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By Bryan Rich 

June 28, 2016, 4:00pm EST

We’ve talked about the Brexit effect the past couple of days.  And we’ll continue on that theme today, as people continue to digest the results and come to grips with potential outcomes.

The knee-jerk reaction in markets has suggested that there is considerable fear of another global financial crisis.  But as we’ve said, things today are very different than they were in 2008.  The failure of Lehman triggered a global credit freeze.  That brought global banks to their knees and, therefore, even massive Fortune 500 companies couldn’t access capital needed to operate.

Again, this time is different (typically dangerous words to say, but true).  The financial system remains well functioning.  Most importantly, central banks are pro-actively maintaining stability and confidence by offering liquidity to banks and have made it well known that they stand ready to act where ever else needed (i.e. intervention).

So now we’re seeing some projections of the economic implications of the Brexit coming in.  The ECB thinks it will shave “as much as” ½ percentage point in GDP growth in Europe.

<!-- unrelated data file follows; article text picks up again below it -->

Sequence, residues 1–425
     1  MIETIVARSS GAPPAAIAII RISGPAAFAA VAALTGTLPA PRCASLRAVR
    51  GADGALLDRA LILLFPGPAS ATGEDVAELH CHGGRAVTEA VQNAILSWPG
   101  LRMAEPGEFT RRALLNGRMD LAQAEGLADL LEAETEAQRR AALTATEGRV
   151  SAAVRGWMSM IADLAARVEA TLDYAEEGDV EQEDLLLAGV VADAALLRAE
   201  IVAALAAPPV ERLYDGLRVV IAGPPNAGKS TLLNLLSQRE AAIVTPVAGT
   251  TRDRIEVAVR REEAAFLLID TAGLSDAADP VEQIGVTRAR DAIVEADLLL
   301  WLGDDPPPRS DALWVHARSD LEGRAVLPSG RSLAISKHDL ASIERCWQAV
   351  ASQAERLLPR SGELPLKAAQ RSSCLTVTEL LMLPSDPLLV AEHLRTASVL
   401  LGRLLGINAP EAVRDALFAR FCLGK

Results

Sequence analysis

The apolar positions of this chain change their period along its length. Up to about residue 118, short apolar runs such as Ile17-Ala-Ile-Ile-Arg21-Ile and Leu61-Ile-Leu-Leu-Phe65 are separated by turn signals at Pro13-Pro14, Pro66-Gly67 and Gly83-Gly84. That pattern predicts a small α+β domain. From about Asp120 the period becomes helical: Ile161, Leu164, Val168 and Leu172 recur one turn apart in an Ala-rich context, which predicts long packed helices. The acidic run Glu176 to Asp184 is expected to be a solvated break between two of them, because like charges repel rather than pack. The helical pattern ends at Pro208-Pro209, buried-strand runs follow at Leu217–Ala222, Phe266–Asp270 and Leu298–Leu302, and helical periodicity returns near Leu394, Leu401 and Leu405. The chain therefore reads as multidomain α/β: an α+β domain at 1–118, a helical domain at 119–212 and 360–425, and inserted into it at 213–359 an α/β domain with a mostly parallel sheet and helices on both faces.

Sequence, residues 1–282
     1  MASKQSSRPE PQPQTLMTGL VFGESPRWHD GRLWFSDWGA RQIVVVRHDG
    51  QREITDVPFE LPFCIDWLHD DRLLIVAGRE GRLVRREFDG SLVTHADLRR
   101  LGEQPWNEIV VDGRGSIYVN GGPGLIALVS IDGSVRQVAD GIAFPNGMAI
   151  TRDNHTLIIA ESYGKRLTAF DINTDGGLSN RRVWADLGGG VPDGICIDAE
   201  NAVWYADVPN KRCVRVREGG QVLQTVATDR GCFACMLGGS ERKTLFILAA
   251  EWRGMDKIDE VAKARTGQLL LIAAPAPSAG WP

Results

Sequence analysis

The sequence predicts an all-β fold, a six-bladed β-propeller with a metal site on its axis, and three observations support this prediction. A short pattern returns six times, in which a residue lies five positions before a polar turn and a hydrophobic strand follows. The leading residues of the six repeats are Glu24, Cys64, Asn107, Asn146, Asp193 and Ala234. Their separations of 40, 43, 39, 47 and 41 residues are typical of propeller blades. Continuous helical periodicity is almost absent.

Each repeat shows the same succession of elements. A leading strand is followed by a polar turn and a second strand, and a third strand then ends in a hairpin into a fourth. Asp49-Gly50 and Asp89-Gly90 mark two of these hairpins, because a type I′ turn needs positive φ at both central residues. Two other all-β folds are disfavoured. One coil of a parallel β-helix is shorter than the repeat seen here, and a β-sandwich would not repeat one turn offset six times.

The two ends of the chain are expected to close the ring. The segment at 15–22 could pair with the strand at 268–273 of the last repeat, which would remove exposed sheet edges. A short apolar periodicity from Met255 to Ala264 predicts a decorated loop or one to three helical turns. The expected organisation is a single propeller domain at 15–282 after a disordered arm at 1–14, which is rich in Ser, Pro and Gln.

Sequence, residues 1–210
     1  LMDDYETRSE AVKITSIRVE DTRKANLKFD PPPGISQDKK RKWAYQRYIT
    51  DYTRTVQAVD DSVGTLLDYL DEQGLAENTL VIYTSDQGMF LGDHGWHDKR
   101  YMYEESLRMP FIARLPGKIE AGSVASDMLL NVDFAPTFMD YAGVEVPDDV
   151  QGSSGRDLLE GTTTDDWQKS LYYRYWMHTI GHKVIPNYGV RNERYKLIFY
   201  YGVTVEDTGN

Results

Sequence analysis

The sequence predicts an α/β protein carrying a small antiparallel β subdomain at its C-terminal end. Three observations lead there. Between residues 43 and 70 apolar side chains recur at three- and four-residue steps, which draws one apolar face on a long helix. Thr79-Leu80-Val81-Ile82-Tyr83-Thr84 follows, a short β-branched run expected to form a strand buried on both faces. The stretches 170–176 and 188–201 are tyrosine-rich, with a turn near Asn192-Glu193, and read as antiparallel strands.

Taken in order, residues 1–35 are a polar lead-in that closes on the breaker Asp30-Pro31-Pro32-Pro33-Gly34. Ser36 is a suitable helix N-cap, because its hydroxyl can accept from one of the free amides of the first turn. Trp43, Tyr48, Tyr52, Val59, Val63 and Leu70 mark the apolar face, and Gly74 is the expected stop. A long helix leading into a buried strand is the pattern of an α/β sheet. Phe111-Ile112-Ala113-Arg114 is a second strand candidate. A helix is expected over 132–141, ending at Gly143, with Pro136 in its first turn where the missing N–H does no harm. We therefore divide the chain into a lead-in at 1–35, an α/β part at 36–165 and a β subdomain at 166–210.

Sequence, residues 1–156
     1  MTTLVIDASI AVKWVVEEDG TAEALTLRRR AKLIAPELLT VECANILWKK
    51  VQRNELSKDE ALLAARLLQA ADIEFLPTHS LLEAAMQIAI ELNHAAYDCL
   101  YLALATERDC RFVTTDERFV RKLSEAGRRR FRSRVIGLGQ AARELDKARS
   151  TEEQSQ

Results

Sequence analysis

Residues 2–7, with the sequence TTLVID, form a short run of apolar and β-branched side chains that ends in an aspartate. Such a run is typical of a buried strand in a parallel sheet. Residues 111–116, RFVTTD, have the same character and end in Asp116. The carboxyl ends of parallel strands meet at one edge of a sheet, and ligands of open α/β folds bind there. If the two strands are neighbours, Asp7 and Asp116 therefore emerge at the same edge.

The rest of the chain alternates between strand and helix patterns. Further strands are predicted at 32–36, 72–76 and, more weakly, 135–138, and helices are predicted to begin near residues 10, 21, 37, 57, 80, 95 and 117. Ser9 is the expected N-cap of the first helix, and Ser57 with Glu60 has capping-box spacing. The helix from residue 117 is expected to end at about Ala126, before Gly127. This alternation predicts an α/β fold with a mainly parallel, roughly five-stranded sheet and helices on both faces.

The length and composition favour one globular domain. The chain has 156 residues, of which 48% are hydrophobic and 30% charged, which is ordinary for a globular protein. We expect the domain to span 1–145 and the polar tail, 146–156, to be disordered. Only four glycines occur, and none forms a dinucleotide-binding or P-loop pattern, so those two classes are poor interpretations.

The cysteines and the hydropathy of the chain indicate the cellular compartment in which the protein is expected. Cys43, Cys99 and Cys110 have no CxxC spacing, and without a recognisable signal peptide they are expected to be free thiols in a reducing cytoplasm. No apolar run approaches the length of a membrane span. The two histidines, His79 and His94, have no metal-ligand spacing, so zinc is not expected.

Here’s a look at euro area GDP…

euro gdp
Source: Tradingeconomics.com

You can see the damage to the economy in the global financial crisis.  While Europe is still emerging from stagnation, lopping off ½ percentage point is far from a “Lehman moment.”  Plus, if the euro weakens, as it should, on the outlook, that economic hit will be softened dramatically.  When we think about the broad Brexit implications, Europe is probably the first place everyone should be looking, and the ECB’s projection doesn’t look so bad at all.  With that, the market volatility we’re seeing seems to be over-exaggerating the Brexit effect.

Still, the biggest risk associated with the Brexit is that it becomes contagious.  As we said on Friday, the potential Grexit (of last year) and the Brexit are most different for one simple reason.  The British vote doesn’t involve a country leaving the common currency — the euro.

The British, of course, have their own currency, and among all of the EU countries, the British have probably retained the most sovereignty.  It’s a fracturing of the euro, the second most widely held currency in the world, that would trigger a global financial and economic crisis.  That’s the big danger.  If other EU countries that are also part of the common currency (the monetary union – the EMU) took the lead of Britain, then it gets very ugly.

Perhaps the first place to look for that potential spillover, is in the sovereign debt markets of Spain and Italy — the two big EMU constituents that were close to default four years ago.  When those countries were on the brink of collapse in 2012, the 10-year government bond yields were trading north of 7% (unsustainable levels).